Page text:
Обзор текущих военных операций в мире и вооруженных конфликтов

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The war in Ukraine is heating up

Ukraine says one of its soldiers has been killed in the country's east, where fighting between government forces and Russia-backed separatists has flared over the past four days.

The Ukrainian military said on February 1 that nine servicemen and one civilian were also injured in the previous 24 hours.

Ukrainian officials had reported the deaths of seven soldiers in the past few days, the highest casualty toll in weeks.

The sides traded blame for the surge in hostilities, concentrated around the government-controlled town of Avdiyivka.

An emergency official, Vladislav Husinskyy, said that 175 people, including 88 children, had been evacuated to nearby towns by bus on the morning of February 1.

Shelling left many residents of the town north of the separatist stronghold of Donetsk without electricity, water supplies, and heating in temperatures well below freezing.

 The AP news agency quoted residents of Donetsk as reporting incessant outgoing and incoming artillery salvos through the night and in the morning.

Separatists said two civilians were killed and another wounded in the shelling of Donetsk and the neighboring town of Makiyivka.

The UN Security Council on January 31 expressed "grave concern" over the "dangerous deterioration" in eastern Ukraine and called for a halt to the violence.

The Trilateral Contact Group, which includes Ukraine, Russia, and the Organization for Security and Cooperation (OSCE) in Europe, were expected to meet on February 1 in Minsk to discuss the crisis.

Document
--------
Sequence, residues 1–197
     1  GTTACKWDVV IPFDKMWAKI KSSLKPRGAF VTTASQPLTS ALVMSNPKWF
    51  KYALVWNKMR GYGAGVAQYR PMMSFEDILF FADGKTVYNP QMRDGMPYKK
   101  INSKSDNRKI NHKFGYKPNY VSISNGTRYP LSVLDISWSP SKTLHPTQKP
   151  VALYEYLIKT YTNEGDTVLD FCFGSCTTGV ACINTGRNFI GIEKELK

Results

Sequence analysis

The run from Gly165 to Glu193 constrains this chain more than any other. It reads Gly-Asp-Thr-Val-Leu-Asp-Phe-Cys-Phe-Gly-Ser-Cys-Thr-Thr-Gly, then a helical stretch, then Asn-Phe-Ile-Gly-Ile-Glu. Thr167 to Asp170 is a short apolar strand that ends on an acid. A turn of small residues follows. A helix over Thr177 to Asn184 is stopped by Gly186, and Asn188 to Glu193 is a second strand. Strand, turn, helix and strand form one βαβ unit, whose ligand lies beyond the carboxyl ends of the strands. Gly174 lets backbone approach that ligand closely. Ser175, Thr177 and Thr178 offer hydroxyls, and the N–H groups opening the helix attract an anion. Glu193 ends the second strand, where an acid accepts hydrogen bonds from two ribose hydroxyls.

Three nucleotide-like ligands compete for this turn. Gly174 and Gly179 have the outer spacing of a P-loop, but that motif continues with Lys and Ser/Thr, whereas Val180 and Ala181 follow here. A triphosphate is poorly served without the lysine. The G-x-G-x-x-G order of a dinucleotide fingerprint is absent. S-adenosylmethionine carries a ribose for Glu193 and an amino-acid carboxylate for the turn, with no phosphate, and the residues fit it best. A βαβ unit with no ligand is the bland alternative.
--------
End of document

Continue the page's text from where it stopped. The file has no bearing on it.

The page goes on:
A deal signed in the Belarusian capital in February 2015 called for a cease-fire and steps to end the conflict, which has killed more than 9,750 people in eastern Ukraine since April 2014.

Kyiv and Moscow are accusing each other of being responsible for the recent escalation, with Ukraine's Foreign Ministry describing it on January 31 as "a clear indication of Russia's continued blatant disregard of its commitments under the Minsk agreements."

Speaking on February 1, Kremlin spokesman Dmitry Peskov rejected accusations that Russia and the separatists were responsible for the flare-up of hostilities, and called on Kyiv to stop what he said were "provocative actions."

 Local residents have a meal at an emergency center after shelling hit supply infrastructure in the government-held industrial town of Avdiyivka, Ukraine January 31, 2017.

Peskov also said that the escalation was evidence of what he called the need for "a swift resumption of dialogue and cooperation between Russia and the United States."

Russian-U.S. relations are badly strained over Moscow's aggression in Ukraine, its actions in Syria, and what U.S. intelligence agencies say was state-directed interference in the U.S. presidential election.

U.S. President Donald Trump has called for improved relations with Russia, and both the White House and the Kremlin said a conversation between Trump and Russian President Vladimir Putin on January 28 was a positive sign.

Despite substantial evidence, Russia denies claims by Kyiv, NATO, and Western governments that it stirred up separatism in the region and has sent troops and weapons to Ukraine to support the separatists.

The European Union, United States, and other states have imposed sanctions on Russia over the conflict, as well as for its annexation of Ukraine's Crimean Peninsula in March 2014.

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